Mangrove Forests 101

When you think of a forest, your first thought might not be one that is located along a warm, salty shoreline. But mangrove forests, composed of mangrove trees are just that! They live only in warm, subtropical and tropical areas where salt and freshwater meet. On the Atlantic coast, mangroves grow from Florida, throughout the Caribbean and down to Argentina in South America. Worldwide, there are about 80 species of mangrove trees.

Mangrove trees, adapted to live near the water or in coastal intertidal zones, are able to metabolize saltwater (which would kill other kinds of plants) and provide incredible ecosystem services to animal and human societies. Their complex, tangled root systems are tall and dense, allowing the trees to withstand daily tidal changes and can even slow the rate of water movement. These root structures provide shelter for newly hatched fish and other juvenile animals. Their roots and shrubbery also make them resilient against winds and storm surges, earning them a nickname of coastline defenders. 


The ecosystem services provided by mangrove forests include:

Water quality improvement: Mangrove forests can filter and remove pollutants and sediments from the water that come from land before reaching the ocean. Improved water quality benefits both the species that live near mangrove forests and the people who use those waters for recreation or commerce. 

Habitat for animals: Mangrove roots are popular shelter for fish and other animals to hide from predators or graze. Valuable species that humans fish for recreation and industry often start their lives in mangrove root nurseries before they travel out into open waters. These species include shrimp, fish like snapper, goliath grouper and red drum, and crabs. Mangrove forests also support predator populations including birds, mammals, and reptiles who are lucky or well adapted enough to grab a morsel from between the mangrove roots. The life mangrove forests support also help attract tourism activity like kayaking and birding, supporting local economies.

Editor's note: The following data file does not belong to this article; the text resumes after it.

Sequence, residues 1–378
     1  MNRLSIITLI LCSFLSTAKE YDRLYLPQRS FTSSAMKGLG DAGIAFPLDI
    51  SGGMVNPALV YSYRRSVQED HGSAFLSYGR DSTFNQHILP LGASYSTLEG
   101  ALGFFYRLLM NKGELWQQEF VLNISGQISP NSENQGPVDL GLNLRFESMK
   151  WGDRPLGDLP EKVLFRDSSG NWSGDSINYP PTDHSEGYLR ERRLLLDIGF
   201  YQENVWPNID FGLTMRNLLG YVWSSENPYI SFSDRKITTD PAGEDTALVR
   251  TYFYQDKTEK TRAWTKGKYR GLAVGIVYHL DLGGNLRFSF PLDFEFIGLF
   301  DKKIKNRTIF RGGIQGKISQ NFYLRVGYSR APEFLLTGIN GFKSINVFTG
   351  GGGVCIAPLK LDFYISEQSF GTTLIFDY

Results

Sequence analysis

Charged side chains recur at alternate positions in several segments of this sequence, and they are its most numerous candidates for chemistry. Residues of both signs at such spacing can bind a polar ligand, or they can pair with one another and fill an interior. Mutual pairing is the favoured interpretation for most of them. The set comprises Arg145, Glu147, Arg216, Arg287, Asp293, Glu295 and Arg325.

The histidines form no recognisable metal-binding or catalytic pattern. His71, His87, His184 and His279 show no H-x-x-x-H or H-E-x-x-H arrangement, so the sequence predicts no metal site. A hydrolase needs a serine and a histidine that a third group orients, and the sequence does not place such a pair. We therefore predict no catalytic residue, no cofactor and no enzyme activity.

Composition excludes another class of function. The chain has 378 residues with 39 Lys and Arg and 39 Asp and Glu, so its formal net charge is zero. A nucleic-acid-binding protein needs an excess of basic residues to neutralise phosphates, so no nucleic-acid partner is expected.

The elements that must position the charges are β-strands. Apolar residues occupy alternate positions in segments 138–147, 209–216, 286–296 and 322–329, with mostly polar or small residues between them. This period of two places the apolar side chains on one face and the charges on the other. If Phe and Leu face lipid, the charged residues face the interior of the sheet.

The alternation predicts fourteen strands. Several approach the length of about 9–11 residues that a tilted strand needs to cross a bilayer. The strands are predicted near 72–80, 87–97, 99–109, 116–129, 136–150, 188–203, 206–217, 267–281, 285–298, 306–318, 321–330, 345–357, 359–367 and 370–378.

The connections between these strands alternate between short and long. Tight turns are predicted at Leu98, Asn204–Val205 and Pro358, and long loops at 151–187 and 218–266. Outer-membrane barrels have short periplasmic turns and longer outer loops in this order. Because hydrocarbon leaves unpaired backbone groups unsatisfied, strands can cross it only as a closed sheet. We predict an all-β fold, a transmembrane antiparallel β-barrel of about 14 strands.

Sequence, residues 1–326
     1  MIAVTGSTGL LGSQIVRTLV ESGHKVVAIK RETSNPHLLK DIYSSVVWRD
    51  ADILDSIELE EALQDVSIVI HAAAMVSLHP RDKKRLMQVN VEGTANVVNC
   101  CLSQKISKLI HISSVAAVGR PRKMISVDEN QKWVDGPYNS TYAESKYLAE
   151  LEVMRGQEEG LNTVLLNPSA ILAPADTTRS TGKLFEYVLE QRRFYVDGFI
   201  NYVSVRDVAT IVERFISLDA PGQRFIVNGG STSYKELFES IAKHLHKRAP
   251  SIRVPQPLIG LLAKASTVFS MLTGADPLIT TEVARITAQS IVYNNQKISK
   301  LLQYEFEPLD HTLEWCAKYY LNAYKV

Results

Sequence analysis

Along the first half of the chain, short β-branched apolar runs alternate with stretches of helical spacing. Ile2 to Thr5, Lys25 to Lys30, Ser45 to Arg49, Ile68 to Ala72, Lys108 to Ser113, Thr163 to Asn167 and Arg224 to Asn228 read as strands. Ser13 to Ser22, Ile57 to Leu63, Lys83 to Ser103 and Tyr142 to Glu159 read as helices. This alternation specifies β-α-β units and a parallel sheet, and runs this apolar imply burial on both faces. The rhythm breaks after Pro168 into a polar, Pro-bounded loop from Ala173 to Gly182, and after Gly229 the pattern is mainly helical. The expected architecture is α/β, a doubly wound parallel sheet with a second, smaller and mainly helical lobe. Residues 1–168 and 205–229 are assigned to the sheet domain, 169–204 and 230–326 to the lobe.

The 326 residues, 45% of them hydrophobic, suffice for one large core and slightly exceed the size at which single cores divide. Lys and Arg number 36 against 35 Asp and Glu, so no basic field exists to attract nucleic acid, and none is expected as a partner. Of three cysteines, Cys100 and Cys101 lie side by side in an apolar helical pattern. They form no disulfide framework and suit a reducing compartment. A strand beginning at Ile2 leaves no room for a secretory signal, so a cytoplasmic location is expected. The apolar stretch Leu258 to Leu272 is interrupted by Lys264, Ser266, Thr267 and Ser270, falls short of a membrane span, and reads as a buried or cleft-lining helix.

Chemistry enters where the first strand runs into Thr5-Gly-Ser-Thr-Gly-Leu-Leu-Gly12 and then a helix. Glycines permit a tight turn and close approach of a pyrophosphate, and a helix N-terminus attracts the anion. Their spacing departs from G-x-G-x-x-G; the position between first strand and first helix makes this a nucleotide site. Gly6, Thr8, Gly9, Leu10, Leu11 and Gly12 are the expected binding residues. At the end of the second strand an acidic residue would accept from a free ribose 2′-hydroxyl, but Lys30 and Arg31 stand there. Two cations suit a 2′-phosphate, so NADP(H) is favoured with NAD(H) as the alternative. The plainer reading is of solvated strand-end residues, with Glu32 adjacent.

Raw materials: In places like Florida, mangrove trees are protected from removal. However, mangrove wood is useful to coastal and indigenous communities elsewhere due to its durability and resistance to rot and insects. Mangroves provide these communities with fuel for fire, medicines, tannins, and wood for building homes and boats. 

Carbon storage: Mangroves are incredibly effective at storing carbon from the environment in their leaves, trunks, and soil through chemical processes related to photosynthesis and growth. Carbon storage in marine plants is known as “blue carbon” and is a strategy scientists and policy experts believe can help mitigate atmospheric carbon that leads to human-caused climate change. 

Coastline protection: When mangrove forests are fully developed and left in-tact, they can stabilize the coastline from erosion, storm surges associated with hurricanes, flood, wind, and waves. This results in the protection of housing and infrastructure along the coastline. 


You can find more than 1,800 miles of shoreline lined by mangroves in the Florida Keys National Marine Sanctuary! As important as mangroves are to the well-being of coastal communities around the world, their populations are at risk. Habitat destruction, water pollution, coastal development, and climate change are all growing threats to these unique trees. Human development are some of the biggest threats to mangrove communities including activities such as dredging, use of herbicides, and boating which can damage habitats with the boat’s propellers.  If they are destroyed, the carbon they store is released into the atmosphere and can contribute to carbon emissions related to climate change. Mangroves trees are unusual, ecological valuable, and worth celebrating and protecting!